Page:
The artist moved in among the Mandans, whose round lodges had sheltered Lewis and Clark. They were fascinated by Catlin's skill. Seeing his portraits, "many of the gaping multitude commenced yelping; some were stamping off in the jarring dance...hundreds covered their mouths," and the whole village tried to feel his flesh, braves to shake his hand, children to touch his legs, "not unlike the nibbling of little fish, when I have been standing in deep water...." Catlin noted that his visitors, disturbed by the way the eyes in a portrait seemed to follow them, would try to view it from the side and so avoid the offense of staring directly at a chief.
He painted a rite of passage in which elders would stab through a young man's flesh, pinched up at his pectorals or shoulder blades, drive wooden skewers through the wounds, and lash rawhide cords to them. Then they'd haul the youth high, to hang in stoic silence from his tortured flesh.
Catlin moved down the Missouri to what was then Fort Pierre and visited the Sioux. Here he got into trouble by deciding to paint the profile of one important and popular warrior, leaving half his face out of the picture. Another Indian, "a troublesome fellow," sneered that the warrior was only half a man. A duel followed, the bad guy killed the good guy, and Catlin got blamed. He was lucky to escape. He continued downstream to Fort Leavenworth and back to St. Louis, no longer a tenderfoot. He learned to slip easily into the life of the prairie tribes. He even hunted buffalo with them, and his paintings of the dashing horse racing beside the mighty herd while its rider swung left with drawn bow helped define a genre for other artists of the West. He visited the Arkansas Territory and Texas, ventured from New Orleans far up the Mississippi, and then down into the Deep South, where he got the Seminole chief Osceola to sit for him — "a most extraordinary man, and one entitled to a better fate."
He routinely returned East to see Clara and to fill out some of his hastily done portraits. Then he'd be off again. He describes how he traveled with Charley, his horse, with "a bear-skin and a buffalo robe being spread upon his saddle, and a coffee-pot and tin cup tied to it also—with a few pounds of hard biscuit in my portmanteau — with my fowling-piece in my hand, and my pistols in my belt — with my sketch-book slung on my back, and a small pocket compass in my pocket...."
The American Art Museum's George Gurney, curator of the collection that includes the Catlins, points out that most of the Catlin canvases are the same size — about 2 feet by 2 1/2 feet. And the corners of the frames are small raised squares, originally built up with padding, so the paintings could be easily stacked. Why stacked? Because Catlin had a touch of P. T. Barnum in him. By 1837, he'd painted some 500 canvases, and he wanted to show his work.
That year he opened his Indian Gallery exhibition in New York, doubtless feeling that if he could make it there he could make it anywhere. It was a hit, and afterward he took it on the road to other cities. In 1840 it opened in London and again drew huge crowds. Besides his paintings, Catlin displayed a grand collection (he said his freight weighed eight tons) of Indian costumes, tools and weapons, plus two live grizzlies—and eventually the show included some actual Indians who were agreeable to miming the hunt, the dance, even the scalping — all deliciously exciting to the English. They lionized the artist; he was presented to Queen Victoria, and his sellout display — really the first "Wild West Show" — earned him enough to pay off some long-standing debts.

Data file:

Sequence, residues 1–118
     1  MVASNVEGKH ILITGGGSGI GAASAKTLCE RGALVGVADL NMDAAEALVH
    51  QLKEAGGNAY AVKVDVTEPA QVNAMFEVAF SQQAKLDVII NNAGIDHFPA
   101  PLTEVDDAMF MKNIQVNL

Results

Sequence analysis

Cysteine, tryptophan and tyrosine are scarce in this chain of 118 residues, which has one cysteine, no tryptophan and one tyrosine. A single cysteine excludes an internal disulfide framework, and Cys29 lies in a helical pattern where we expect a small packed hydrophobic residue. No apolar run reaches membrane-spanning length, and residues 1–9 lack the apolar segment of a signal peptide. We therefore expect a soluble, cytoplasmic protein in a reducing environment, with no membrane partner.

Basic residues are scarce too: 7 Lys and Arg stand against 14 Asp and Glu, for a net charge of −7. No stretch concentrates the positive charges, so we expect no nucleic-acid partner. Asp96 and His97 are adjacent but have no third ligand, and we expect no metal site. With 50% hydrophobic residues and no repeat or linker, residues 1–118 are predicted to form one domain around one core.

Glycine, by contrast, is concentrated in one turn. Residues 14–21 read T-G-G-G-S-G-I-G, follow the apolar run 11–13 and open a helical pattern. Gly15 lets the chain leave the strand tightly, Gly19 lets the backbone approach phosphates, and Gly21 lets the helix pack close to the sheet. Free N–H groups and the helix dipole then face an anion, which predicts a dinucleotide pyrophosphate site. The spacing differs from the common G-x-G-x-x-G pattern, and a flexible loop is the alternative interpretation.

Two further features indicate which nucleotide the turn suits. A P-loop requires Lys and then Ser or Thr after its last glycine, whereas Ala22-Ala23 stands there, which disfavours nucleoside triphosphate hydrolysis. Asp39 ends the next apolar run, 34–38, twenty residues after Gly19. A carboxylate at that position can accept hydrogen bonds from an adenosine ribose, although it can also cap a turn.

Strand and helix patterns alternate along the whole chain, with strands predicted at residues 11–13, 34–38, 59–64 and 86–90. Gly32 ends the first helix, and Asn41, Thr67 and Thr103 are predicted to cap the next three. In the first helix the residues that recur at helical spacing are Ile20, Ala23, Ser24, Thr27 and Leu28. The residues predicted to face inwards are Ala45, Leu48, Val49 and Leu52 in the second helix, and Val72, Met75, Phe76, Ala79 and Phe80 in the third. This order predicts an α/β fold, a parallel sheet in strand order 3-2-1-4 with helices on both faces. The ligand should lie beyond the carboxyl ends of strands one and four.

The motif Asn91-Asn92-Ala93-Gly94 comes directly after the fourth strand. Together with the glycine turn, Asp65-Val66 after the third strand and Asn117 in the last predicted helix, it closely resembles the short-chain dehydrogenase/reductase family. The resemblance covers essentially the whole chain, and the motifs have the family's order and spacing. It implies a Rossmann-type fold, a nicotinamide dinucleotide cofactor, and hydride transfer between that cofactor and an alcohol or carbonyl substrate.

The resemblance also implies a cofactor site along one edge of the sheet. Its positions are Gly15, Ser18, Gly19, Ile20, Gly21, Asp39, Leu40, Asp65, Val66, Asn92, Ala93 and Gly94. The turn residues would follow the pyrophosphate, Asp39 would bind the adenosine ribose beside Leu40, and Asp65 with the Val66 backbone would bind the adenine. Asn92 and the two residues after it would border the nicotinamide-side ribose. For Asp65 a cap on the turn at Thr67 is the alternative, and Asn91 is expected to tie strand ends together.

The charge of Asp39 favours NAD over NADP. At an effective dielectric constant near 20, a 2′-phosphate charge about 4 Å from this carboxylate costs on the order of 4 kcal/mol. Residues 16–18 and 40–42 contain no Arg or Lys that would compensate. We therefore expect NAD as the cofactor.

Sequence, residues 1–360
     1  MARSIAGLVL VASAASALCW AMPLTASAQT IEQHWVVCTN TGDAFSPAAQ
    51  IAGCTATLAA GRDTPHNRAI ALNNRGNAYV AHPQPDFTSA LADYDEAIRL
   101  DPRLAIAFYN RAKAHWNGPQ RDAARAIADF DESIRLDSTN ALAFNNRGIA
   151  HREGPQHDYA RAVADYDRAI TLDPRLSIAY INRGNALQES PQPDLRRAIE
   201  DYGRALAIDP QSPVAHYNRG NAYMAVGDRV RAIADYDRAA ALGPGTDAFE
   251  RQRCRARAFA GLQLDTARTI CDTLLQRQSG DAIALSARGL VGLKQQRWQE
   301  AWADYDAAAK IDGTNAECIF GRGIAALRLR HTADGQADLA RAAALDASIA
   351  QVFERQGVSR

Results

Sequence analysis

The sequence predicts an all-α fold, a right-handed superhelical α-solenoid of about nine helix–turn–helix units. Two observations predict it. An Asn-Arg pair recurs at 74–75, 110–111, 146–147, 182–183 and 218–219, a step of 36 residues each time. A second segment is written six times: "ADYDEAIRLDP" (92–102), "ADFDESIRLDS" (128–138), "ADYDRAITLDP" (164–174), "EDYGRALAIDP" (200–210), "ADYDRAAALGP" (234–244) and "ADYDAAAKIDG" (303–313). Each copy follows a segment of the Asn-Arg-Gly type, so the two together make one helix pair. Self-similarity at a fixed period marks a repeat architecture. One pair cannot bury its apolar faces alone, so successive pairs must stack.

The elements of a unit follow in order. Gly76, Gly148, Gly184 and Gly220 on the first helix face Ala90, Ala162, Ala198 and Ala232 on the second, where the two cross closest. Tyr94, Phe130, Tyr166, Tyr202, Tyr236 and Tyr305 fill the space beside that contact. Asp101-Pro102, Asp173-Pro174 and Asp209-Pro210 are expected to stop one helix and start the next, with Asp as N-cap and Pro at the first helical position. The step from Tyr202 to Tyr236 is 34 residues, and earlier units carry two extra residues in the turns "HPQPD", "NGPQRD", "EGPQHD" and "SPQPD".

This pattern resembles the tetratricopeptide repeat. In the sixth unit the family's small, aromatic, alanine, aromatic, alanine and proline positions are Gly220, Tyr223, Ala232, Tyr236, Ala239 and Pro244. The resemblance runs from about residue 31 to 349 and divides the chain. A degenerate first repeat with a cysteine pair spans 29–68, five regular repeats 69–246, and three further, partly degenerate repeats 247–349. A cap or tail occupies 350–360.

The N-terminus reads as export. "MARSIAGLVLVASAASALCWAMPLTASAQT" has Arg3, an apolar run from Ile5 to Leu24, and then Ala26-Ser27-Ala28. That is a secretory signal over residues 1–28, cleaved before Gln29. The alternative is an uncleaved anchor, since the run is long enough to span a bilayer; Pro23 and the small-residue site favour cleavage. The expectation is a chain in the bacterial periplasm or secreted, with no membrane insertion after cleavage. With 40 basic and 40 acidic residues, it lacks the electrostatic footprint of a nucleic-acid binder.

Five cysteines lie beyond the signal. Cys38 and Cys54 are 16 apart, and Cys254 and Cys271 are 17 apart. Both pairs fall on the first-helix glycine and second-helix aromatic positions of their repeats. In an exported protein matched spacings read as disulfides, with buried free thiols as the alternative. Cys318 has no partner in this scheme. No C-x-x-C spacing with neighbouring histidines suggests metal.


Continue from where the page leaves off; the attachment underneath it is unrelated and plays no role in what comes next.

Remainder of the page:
He took his show to the Continent. Again, it was a smash hit. Louis Philippe, then "King of the French," adored it and befriended the artist. But thorns lurked in Catlin's bed of roses. His family and his Indian performers sickened in the European climate. Clara died of pneumonia in 1845, and their young son of typhoid a year later. Louis Philippe abdicated in the uprising of 1848 that produced the short-lived Second Republic. Catlin's debts mounted. He tried — as he had before — to sell his entire collection to the government, but despite the best efforts of Daniel Webster and William Seward, Congress declined. Finally he found a buyer in Joseph Harrison, a Philadelphia manufacturer, who purchased the entire collection of paintings and artifacts and stored it in a boiler factory. It moldered there, barely surviving a fire, until the Smithsonian eventually rescued its remnants.
In the meantime, the sale paid off Catlin's major debts. Partly to duck the minor ones (or so it was rumored) he sailed for South America, painting scenes and natives there as he had in North America. For years he wrote copiously while traveling in South America and Europe. By the time he returned, life had moved on, and he couldn't catch it. Toward the end of Catlin's life, Joseph Henry, first Smithsonian Secretary, invited him to display his newer work—some 600 paintings—in the Castle, and gave him a room for a studio between the two tallest towers. He worked there for almost two years, a haggard old man stumping out with his cane at day's end to walk to his rented room, peopled only by memories and dreams.
One was his old hope for a government preserve "where the world could see for ages to come, the native Indian in his classic attire, galloping his wild horse....A nation's Park, containing man and beast, in all the wild and freshness of their nature's beauty." When our first national park, Yellowstone, was established in 1872, the artist's last year of life, Catlin probably muttered at the lack of galloping Indians. But likely he thought it a good step—and perhaps felt that (as some Indians might say) it was now a good day to die.
By Edwards Park